VYSELKI, Ukraine – The prospect of Russian troops marching into eastern Ukraine is accomplishing what a national border could not: dividing the villagers of Vyselki.
Ever since the 1991 breakup of the Soviet Union, when Vyselki was split between Ukraine and Russia, its residents have lived together peacefully, doing most of their shopping in one country and paying their electricity bills in another.
Then came political upheaval in Ukraine, the flight of its pro-Russian president, and the Russian annexation of the southern Ukrainian peninsula of Crimea.
Suddenly, Vyselki is divided.
The Ukrainian residents here worry that Russian troops might march across the border, while Russian villagers fear harassment from the pro-Western government in Kiev.
"I didn't believe that the Russians would come in, but after Crimea anything is possible," said Ukrainian farmer Andrei Mikhalev, 32, whose vegetable fields straddle both sides of the border. "I have something to lose! I certainly don't need any Russian tanks in my fields."
The Russians worry that Ukraine might make them get visas to cross the border. If residents are no longer able to travel freely from one side of the village to the other, their way of life would be upended.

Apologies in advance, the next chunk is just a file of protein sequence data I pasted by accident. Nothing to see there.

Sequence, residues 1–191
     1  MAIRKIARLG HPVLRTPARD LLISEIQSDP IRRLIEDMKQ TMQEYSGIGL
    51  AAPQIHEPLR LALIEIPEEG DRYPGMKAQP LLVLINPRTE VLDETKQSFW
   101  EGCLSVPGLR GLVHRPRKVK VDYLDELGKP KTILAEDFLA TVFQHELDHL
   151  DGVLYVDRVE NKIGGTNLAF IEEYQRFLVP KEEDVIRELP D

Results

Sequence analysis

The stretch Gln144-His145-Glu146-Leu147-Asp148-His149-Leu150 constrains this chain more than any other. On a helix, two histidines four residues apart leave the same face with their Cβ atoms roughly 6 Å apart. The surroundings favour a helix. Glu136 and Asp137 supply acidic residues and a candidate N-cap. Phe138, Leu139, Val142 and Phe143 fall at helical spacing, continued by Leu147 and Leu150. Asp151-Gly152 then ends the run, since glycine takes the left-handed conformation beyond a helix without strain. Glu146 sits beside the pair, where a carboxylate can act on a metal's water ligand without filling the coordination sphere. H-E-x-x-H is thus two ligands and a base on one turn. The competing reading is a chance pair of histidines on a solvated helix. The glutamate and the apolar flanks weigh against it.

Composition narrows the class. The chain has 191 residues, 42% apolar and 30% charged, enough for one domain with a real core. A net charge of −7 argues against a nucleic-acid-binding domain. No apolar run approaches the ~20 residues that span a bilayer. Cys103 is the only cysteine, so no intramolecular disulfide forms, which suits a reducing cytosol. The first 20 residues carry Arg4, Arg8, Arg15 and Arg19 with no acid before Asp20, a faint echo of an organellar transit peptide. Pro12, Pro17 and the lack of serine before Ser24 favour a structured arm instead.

"Visas would be a catastrophe," said Lidia Yevseyeva, 77, who lives on the Russian side of the village and regularly travels by bicycle to the Ukrainian side to visit her ailing 90-year-old sister.
The entire village gets its gas, water and electricity from Russia, so those on the Ukrainian side must cross the border to pay their utility bills. The school and post office also are in Russia, as well as the nearest grocery store.
But even Russian villagers do much of their shopping in Ukraine, where food and clothes are cheaper. The nearest big city, Donetsk, is in Ukraine, 90 kilometers (55 miles) away. The Russian city of Rostov-on-Don is 120 kilometers (75 miles) away.
Salaries and pensions tend to be higher on the Russian side. As a Russian citizen, retired doctor Nikolai Chernyshev gets a government pension worth $280, while his Ukrainian colleagues receive only about $190.
"The West only promises help while Russia is already helping us," Chernyshev said. "If Putin sends in troops I would only be happy, because we have to put a stop to the mess" in Kiev.
His Ukrainian neighbor, 53-year-old economist Galina Yefremenko, said nothing good can come from the threat of hostilities.
"I am a Ukrainian," she said. "How am I supposed to react to the division of my country?"